People living with dementia (PWD) face several communication challenges, many of which are exacerbated by unfamiliar environments and people.1 In addition, many PWD also have coexisting conditions, such as a lack of peripheral vision, that may cause additional communication difficulties. As the disease progresses, the ability to communicate may deteriorate to such an extent that the individual has no intelligible speech and a total lack of language comprehension. Difficulties in communication may have a detrimental effect on the health of PWD as important information may not be followed or understood.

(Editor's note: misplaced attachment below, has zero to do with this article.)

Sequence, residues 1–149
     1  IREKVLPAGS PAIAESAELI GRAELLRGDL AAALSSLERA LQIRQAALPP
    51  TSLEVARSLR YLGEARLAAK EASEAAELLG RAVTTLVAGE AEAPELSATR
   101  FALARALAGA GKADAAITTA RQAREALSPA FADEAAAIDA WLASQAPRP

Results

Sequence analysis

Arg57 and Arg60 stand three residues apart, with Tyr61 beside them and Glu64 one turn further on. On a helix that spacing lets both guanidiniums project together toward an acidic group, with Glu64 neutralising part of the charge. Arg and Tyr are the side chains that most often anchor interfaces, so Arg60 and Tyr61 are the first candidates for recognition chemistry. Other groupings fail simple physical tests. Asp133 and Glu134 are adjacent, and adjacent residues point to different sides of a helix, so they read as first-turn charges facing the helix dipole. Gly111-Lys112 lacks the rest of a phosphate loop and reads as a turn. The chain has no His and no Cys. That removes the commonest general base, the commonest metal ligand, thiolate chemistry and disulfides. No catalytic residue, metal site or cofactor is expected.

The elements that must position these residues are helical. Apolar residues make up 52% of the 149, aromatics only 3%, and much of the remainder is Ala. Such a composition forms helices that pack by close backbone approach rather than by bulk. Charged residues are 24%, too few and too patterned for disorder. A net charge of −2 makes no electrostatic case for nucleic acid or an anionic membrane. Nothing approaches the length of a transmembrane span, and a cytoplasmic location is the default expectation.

Communication challenges in PWD
Some of the key communication hurdles experienced by PWD include:1
- Difficulty with finding appropriate words
- Lack speech coherence
- Reduced understanding of what is being conveyed
- Thought repetition.
‘Dementia commonly causes confusion, which impacts spoken communication and can be incredibly frustrating both for the person with dementia and their caregivers,’ says Philip Harper, Associate Lecturer in Dementia Care at the University of Worcester. ‘It can also cause confusion with regards to intentions and the meaning of what is said.’
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